From a training perspective, this further reinforced the concept of the “Two-Factor Model” of programming/performance described by Starting Strength. In the shortest terms, the idea behind the two-factor model is training should be separate from practice for your sport. You get strong in the weight room and get conditioned enough so neither limits you. This is the goal for your TRAINING. Then, you go out and PRACTICE your sport to improve the skills you need to successfully compete. At no point do you try to mimic the sport in your training, or vice versa. This really hurts people with the title “sports performance coach” or even “physical therapist” or “CSCS” because it can’t be that simple and they want to muddy waters and make their training look cool. No doubt, our lifter explained above spent a lot of time practicing the skill specific events and less time working on his absolute strength in his training, and it costed him in a couple events.


Anyway, at no point should an athlete be limited by their strength. If an event requires you to deadlift 450lbs for time, it would be in your best interest to get your deadlift up to 600lbs instead of trying to train up to the 450lb pulls for time. Who is going to pull 450lbs more times and faster? The 600lb deadlift guy? Or the 465lb deadlift guy only training submaximally to try and work on the event? The 600lb deadlift guy will win every day of the week.


A golfer on the other hand, requires different considerations. A golfer should be strong enough that it isn’t limiting his swing. Take a guy who has done zero strength training, have him progressively lift weights for a year, and no doubt he will be driving the ball farther and not getting as tired on the back nine. Does this man need a 600lbs deadlift to see these benefits? Absolutely not. But getting a general base of strength will improve his strength 10-fold.


At the strongman comp, I saw other guys with the ability to lift 270lb atlas stones, but couldn’t deadlift 500lbs during the deadlift ladder. Atlas stones are a skill, and can be practiced enough to become competent, but strength can easily limit someone and be the difference between them lifting the 270lb stone 3 times, or 11 times in a minute. A 500lb deadlift is a novice powerlifting benchmark, but is advanced to normal people. A person with a 550lb deadlift is going to be able to lift a 270lbs stone with minimal practice, and a person who rarely tests their max strength with a barbell and only lifts stones may never get past the 270lbs stone. I am a good example of this. A mid-500’s puller, I have minimal practice with my class’s event stone (220lbs), but I placed one of the best in my class at stone pulling and I attribute that to my overall strength.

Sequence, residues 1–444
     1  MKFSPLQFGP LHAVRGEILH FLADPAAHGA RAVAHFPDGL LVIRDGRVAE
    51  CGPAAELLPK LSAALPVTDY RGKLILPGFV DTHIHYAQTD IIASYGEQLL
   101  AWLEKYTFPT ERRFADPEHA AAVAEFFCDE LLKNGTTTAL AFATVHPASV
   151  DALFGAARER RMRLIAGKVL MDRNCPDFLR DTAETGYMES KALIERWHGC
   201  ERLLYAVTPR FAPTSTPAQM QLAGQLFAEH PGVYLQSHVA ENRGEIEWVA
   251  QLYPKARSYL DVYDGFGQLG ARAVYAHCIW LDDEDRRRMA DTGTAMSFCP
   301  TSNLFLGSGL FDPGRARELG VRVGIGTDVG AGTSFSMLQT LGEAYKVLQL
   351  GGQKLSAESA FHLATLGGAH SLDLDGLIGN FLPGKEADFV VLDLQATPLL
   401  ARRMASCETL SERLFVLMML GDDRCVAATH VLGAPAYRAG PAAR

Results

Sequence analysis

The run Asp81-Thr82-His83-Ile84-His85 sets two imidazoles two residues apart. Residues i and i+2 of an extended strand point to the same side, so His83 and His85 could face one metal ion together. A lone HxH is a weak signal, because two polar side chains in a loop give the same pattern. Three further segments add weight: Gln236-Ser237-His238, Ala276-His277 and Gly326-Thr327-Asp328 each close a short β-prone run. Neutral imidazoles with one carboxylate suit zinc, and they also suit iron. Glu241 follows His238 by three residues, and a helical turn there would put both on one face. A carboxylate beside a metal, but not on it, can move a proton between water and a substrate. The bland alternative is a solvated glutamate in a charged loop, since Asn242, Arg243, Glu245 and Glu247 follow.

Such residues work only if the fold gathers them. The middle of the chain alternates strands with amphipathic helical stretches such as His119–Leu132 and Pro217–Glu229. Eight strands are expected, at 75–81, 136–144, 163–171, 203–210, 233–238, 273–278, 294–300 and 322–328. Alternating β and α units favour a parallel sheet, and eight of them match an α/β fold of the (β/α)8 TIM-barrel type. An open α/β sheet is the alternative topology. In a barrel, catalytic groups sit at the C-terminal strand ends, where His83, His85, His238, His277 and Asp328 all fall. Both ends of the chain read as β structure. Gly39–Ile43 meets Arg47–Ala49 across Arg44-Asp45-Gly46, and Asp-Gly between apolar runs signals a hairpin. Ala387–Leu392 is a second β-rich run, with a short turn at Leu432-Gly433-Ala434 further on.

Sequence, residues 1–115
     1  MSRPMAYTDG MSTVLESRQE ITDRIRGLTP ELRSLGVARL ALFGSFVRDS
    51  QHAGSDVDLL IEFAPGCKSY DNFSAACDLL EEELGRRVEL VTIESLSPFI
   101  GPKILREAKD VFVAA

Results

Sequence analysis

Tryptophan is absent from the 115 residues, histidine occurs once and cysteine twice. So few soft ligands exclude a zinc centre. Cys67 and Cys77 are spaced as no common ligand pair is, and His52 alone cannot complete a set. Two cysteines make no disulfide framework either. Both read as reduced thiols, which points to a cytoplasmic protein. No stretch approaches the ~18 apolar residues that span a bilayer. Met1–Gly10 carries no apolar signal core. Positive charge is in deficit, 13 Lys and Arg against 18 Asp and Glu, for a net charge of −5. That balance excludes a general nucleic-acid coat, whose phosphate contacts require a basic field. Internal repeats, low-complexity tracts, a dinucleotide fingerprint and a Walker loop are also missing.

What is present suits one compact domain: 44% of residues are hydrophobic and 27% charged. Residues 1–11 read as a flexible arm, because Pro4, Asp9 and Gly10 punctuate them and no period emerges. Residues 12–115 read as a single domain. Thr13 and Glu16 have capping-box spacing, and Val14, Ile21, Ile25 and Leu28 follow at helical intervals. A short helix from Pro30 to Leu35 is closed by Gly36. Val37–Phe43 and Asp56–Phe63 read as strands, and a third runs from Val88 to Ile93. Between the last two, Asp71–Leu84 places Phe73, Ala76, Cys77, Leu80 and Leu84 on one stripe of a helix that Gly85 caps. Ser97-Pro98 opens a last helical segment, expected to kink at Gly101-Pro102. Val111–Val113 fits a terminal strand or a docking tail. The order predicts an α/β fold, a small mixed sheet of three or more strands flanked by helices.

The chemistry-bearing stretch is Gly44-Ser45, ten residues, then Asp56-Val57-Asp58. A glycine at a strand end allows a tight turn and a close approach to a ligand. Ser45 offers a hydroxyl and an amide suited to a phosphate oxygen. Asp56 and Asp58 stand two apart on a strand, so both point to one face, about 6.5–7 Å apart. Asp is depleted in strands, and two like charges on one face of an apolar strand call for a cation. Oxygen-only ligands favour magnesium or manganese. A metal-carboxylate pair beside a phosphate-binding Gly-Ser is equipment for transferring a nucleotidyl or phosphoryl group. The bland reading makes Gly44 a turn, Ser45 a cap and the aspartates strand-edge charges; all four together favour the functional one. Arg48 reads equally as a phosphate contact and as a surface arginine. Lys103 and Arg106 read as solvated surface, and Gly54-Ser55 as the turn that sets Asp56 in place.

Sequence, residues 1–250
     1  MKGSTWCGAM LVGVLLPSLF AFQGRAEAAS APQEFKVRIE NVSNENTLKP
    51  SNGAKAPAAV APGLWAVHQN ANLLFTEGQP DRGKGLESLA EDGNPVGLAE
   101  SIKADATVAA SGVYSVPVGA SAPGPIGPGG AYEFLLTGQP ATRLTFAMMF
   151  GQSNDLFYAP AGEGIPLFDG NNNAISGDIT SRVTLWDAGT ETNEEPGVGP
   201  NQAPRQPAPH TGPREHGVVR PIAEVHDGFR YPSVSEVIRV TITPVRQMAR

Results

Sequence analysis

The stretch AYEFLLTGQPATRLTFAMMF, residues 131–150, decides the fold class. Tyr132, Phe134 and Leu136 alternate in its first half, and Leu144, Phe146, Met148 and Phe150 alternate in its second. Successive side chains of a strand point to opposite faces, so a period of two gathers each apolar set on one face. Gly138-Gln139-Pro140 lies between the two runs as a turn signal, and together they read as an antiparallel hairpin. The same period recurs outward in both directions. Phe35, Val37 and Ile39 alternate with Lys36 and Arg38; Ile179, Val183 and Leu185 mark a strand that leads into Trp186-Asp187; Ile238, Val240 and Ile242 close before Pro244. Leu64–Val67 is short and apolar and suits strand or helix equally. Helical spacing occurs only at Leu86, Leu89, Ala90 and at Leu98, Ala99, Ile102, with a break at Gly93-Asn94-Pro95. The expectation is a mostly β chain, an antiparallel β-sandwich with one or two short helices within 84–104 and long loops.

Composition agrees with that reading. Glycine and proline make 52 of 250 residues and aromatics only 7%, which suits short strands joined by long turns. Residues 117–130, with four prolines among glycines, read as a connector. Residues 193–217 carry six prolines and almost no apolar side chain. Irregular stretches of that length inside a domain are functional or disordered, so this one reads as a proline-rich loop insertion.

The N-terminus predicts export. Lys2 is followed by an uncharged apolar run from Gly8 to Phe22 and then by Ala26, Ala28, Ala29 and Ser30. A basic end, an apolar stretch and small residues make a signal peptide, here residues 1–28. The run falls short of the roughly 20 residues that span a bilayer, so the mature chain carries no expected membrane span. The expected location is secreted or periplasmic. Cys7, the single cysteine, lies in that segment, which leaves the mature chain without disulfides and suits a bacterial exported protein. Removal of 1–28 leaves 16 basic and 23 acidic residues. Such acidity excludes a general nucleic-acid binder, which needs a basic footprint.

From a training and programming perspective, this was an important lesson for me as a coach. Never take building absolute strength out of your crosshairs as an important training metric. It is easy to get wrapped up into more specific training for an athlete, having them practice all the events and work up to them that way. But wouldn’t it be more effective to get them strong, that they can use that strength more effectively when it comes time to practice and compete in their sport?


Not everyone wants to compete in strength sports. But almost everyone has activities they love to do: golf, skiing, hiking, hunting, kayaking, running, rec sports. Some just need to function properly every day to make sure they can continue doing things they need to do, like work, or raising kids. Building strength is a difficult, arduous process. But you don’t have to become HE-MAN to reap the benefits of it. Commit to resistance training 2-3x/wk for a long period of time. Enjoy the fruits of your labor by never having to say “I can’t do that” again. Simple.